he paradox that Nigeria is blessed with abundant natural resources, yet operates a mono-economy remains a topic of debate in sessions. While crude oil is the mainstay of the nation’s economy and accounts for about 70% of the country’s gross domestic product (GDP), exploration and exploitation of fossil fuels have posed severe environmental hazards. Frequent oil spillages and unceasing gas flaring have caused untold ecological disaster to especially the oil-producing communities in the Delta region of the country.
Oil spill occurs as a result of the release of liquid petroleum hydrocarbon into the environment – land and water. It is caused by a variety of factors ranging from pipeline corrosion, pipeline vandalism or sabotage to production. In Nigeria, the most common causes are pipe corrosion and destruction.
On the other hand, gas flaring refers to the burning of “oil-associated gas” in the course of the extraction of the crude oil from the soil. Sadly, gas flaring is a continuous activity in Nigeria despite its adverse effects on the ecosystem.
Statistics of oil spills and gas flaring in the Niger Delta where exploration and exploitation of crude oil has been done for over five decades are quite scary and terrifying. An estimated 54 million barrels of oil have been spilled into the Niger Delta environment so far with severe implications on flora, fauna and human lives. In December 2011 alone, the Bonga Offshore Oil Platform belonging to the Shell Petroleum Development Company of Nigeria Limited (SPDC) splattered a huge 40,000 barrels of crude oil into the marine environment causing massive ecological disaster. Also, approximately 70 million metric tons of carbon dioxide (gas) is emitted yearly into the ecosystem resulting in sicknesses, deaths and other ecological issues.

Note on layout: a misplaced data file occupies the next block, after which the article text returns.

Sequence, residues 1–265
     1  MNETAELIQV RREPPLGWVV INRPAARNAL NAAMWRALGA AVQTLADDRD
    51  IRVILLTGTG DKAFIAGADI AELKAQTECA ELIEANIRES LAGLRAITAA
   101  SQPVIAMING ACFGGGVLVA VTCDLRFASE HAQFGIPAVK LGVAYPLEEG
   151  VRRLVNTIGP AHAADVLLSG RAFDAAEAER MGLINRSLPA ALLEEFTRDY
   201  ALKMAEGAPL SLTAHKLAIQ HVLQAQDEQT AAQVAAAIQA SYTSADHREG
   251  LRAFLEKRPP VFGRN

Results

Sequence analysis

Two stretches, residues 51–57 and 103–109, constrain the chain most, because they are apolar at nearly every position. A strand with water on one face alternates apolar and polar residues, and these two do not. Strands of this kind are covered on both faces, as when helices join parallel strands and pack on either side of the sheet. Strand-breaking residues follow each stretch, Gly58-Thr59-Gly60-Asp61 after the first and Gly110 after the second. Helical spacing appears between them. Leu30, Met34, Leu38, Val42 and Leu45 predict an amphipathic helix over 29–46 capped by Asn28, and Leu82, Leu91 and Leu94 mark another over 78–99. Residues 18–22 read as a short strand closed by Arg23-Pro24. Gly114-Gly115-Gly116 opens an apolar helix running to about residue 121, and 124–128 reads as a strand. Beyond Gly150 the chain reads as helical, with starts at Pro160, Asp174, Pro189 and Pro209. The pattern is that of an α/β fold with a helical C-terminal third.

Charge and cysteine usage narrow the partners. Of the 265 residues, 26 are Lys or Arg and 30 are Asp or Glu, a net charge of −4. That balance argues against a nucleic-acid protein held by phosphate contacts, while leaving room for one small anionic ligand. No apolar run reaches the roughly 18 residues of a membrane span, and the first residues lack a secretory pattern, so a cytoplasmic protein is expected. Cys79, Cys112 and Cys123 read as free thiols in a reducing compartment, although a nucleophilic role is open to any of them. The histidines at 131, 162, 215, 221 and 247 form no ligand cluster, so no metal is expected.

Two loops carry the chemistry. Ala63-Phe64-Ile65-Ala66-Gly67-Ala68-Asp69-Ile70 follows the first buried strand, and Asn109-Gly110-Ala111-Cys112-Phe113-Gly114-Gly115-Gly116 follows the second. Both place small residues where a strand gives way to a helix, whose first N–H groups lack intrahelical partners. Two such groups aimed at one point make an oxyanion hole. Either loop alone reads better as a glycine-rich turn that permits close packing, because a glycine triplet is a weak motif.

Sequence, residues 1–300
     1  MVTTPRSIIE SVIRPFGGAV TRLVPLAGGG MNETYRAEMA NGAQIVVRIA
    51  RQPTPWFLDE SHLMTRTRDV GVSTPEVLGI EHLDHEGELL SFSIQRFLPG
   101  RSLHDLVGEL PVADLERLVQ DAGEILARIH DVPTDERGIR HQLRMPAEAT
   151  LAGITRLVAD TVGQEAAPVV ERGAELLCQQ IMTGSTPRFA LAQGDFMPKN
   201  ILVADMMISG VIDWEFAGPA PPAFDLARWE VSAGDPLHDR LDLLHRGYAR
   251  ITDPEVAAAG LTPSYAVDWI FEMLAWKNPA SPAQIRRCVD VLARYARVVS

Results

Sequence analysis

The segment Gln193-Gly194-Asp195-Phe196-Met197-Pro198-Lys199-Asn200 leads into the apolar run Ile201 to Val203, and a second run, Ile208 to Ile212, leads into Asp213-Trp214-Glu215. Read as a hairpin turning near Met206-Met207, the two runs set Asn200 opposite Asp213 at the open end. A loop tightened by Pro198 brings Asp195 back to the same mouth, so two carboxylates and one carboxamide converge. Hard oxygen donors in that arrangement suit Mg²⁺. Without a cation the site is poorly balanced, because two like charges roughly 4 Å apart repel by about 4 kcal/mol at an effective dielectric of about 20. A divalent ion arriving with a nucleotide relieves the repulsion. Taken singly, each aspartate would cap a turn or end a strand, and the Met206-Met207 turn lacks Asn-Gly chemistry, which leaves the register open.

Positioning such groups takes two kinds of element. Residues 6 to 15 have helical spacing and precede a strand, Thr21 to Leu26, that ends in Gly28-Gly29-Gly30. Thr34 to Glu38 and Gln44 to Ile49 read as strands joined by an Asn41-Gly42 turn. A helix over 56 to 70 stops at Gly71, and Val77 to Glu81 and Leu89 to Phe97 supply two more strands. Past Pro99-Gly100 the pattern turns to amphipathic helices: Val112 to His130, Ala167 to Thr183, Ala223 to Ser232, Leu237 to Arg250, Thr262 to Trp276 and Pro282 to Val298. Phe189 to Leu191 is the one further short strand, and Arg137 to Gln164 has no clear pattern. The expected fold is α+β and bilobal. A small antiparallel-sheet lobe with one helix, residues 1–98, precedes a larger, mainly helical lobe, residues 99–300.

Efforts by successive federal governments to resolve the problems of oil spill and gas flare have been quite regrettable. They have been very disappointing because they have been very ineffective. Many analysts hold that these measures are rather political in that they are formulated and executed largely to serve political purposes.
A case to note is the lackadaisical and slapdash approach to the Ogoni environmental remediation process by the current administration. Many months after the flag-off of the remediation effort by the federal government, nothing tangible has been done in that direction. The flag-off seem to be a sheer political gimmick to earn political capital.
Some analysts also maintain that the federal government has not taken concrete steps to enact necessary legislations to ensure zero gas flaring in the country. Though, government in all tiers admit that gas flaring pose serious socio-economic dangers and account for global warming with its severe multifarious implications, they have not been able to summon political will and courage to address this hazard adequately.
While there is a sincere call for diversification of the economy, it is imperative for government to de-politicize the environmental remediation efforts. Government should show genuine concern and make laws that are required to remedy the devastated environment and to check further degradation of the ecosystem.
The Niger Delta bionetwork has become an endangered habitat. Good health facilities must be established and efficiently run to combat the respiratory diseases that have become the blight of the indigenes. The entire environment must be thoroughly cleaned and renewed to protect both land and aquatic lives. The earlier this is done, the better for the region and the entire country.
Solalina Oil and Gas Company, a subsidiary of the Solalina Investment Group of the Modickson Consortium, is genuinely concerned about the ecological catastrophe in the Niger Delta. If you want to know more about the environmental effects of oil spillage and gas flaring and how they can be mitigated in line with international best practices at a relatively lower cost, then Solalina is a better bet.